Brazil Dam Collapse Prompts Potential Rule Shakeup for Miners

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A view of a rail bridge taken down by a mudslide on Jan. 27, 2019, after the collapse of a mine-waste dam operated by Vale in Brumadinho, Brazil. PHOTO: MAURO PIMENTEL/AGENCE FRANCE-PRESSE/GETTY IMAGES

Posted November 17, 2019

By Alistair MacDonald

A group representing the world’s largest miners published draft proposals for strict new standards to govern how companies build and operate the sort of mine-waste dam that collapsed in Brazil early this year, killing 270 people.

If adopted by companies and governments, the standards recommended by the International Council of Mining & Metals would require miners to design and monitor their dams to new, tougher benchmarks. They would require greater public disclosure about the dams and specifically prohibit any conflicts of interests between companies and independent safety auditors they hire to inspect such dams, among other measures.

The proposals, though, face many obstacles before becoming enforceable. Mining regulation around the world is a hodgepodge of national and local laws. In many places, such standards are left to companies and trade bodies, whose recommended industry “best practices” are hard to enforce and not backed by law. The new proposals could be costly, so miners may not take them up unless compelled to do so. It’s also unclear, at this stage, who will enforce the standards companies say they are following.

The new rules come in the wake of the January failure of a mine-waste dam operated by Brazilian mining giant Vale SA in Brumadinho, Brazil. That accident, which followed several other deadly dam collapses, has upended the global mining industry, sending miners scrambling to check their dams, triggering protests against new structures and making fund managers more cautious about a sector already subject to intense scrutiny by regulators, investors and environmental activists.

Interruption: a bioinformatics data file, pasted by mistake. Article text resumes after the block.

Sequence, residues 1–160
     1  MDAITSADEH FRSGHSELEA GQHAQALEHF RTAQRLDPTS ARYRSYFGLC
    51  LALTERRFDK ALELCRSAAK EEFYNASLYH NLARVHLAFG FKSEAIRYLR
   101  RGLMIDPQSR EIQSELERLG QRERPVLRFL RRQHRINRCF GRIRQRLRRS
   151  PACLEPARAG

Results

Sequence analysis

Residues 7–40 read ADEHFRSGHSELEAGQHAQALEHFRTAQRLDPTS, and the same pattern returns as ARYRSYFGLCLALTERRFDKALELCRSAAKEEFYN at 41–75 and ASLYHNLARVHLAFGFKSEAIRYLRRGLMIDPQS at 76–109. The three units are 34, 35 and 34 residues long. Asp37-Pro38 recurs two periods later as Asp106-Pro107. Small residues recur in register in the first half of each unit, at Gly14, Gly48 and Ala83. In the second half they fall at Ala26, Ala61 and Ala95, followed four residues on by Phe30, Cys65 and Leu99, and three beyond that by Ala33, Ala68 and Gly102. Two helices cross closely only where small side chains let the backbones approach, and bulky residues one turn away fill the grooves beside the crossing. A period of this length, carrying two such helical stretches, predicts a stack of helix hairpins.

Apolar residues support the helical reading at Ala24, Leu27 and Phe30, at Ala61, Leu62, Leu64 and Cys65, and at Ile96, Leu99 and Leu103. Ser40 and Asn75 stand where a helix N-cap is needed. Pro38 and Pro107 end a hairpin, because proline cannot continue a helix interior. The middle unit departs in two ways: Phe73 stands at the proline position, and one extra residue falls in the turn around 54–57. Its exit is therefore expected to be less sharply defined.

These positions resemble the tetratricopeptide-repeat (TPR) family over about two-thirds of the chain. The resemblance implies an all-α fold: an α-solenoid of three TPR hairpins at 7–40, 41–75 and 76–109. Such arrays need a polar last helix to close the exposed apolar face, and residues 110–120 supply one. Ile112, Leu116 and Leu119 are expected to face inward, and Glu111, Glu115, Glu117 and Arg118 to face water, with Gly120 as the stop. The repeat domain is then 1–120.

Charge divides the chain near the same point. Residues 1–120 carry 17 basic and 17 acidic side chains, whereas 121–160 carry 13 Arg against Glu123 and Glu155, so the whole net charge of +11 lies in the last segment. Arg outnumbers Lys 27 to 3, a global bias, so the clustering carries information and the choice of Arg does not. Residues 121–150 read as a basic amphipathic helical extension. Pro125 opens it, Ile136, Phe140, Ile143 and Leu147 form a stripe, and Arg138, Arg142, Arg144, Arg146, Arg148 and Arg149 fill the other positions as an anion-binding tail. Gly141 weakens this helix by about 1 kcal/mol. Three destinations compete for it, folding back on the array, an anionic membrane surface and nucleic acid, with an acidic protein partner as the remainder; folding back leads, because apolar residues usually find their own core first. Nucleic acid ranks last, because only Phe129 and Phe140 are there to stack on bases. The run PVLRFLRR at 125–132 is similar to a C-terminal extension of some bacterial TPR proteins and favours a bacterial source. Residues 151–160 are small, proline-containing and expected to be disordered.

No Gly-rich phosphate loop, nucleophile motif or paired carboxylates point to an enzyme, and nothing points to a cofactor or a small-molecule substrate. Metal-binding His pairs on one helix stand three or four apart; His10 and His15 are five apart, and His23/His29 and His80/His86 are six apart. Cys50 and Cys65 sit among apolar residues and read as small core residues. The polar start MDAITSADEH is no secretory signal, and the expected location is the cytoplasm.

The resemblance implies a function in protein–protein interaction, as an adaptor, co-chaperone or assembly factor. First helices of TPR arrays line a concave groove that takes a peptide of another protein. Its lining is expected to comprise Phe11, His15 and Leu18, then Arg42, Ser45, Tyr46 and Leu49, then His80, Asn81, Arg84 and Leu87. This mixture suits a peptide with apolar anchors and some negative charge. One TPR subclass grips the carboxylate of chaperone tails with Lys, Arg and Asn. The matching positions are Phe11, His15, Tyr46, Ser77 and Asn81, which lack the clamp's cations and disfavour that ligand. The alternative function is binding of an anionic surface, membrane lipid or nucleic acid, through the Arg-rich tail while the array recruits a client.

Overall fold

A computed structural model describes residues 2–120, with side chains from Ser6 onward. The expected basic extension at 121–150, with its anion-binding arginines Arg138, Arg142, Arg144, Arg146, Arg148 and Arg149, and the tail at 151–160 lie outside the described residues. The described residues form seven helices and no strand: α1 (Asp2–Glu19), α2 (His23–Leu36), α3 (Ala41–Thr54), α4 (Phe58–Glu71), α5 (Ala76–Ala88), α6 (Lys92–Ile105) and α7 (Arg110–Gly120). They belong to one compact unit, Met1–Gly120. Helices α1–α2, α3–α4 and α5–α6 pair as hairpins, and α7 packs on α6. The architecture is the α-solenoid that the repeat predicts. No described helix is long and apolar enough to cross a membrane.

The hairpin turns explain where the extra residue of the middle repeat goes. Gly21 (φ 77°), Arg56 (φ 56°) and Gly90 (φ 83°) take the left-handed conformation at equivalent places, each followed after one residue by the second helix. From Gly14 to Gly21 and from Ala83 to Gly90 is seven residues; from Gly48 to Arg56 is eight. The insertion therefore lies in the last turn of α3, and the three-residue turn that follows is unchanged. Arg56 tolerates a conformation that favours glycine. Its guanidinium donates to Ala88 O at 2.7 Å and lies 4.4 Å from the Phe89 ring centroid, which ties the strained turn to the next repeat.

“Catastrophic tailings facility failures devastate the environment and destroy lives and livelihoods,” said Bruno Oberle, a Swiss academic hired by the ICMM and others to chair a panel of experts in the field that put together this review. “There is an urgency associated with this task as the first anniversary of the Brumadinho tragedy approaches,” he said in the foreword to the proposals.

Among Mr. Oberle’s group’s proposals is a drive to stamp out conflicts of interests at miners by having independent reviewers for all aspects of the design and operation of tailings dams. The Wall Street Journal first reported close ties between Vale and its inspector, Germany-based TÜV SÜD.

A Journal investigation found Vale and its inspectors were aware of dangerous conditions at the mine-waste dam months before it collapsed but that inspectors, worried about losing Vale contracts, certified the dam as safe.

Miners should “engage an Independent Tailings Review Board or an independent senior technical reviewer with no conflicts of interest,” the report recommends.

The review promotes the latest practices in the planning, design, construction, operation, maintenance, monitoring and closure of such dams, also called tailings dams, which contain the waste of the mining process.

If adopted, the proposals will come at a cost to miners, including by increasing the amount of public consultation required when proposing new dams. That process can already take years.

The review also makes demands of senior executives, who it says should be held responsible for any accidents. Brazilian police have announced charges against seven lower-level individuals from Vale and six employees from TÜV SÜD for allegedly covering up structural dangers at the dam. They are now also investigating the role of more senior executives in a criminal probe. Vale has previously said that the company’s top executives never had any knowledge or received any indication about risks to the dam.

Under the new proposals, a company’s board or senior management would need to approve proposals for new dams with high hazard ratings and help craft steps to minimize the consequences of any collapse.

Miners noted the release of the document on Friday, saying they would engage with the consultation, which lasts until Dec. 31. A spokesman for Glencore PLC said the London-listed company was committed to “developing a fit for purpose and robust industry wide approach for the safer management of tailings storage facilities.”

The principles are an excellent start given they incorporate guidance offered by experts in this field, said Lindsay Newland Bowker, an environmental risk manager based in Maine who studies accidents at mining dams.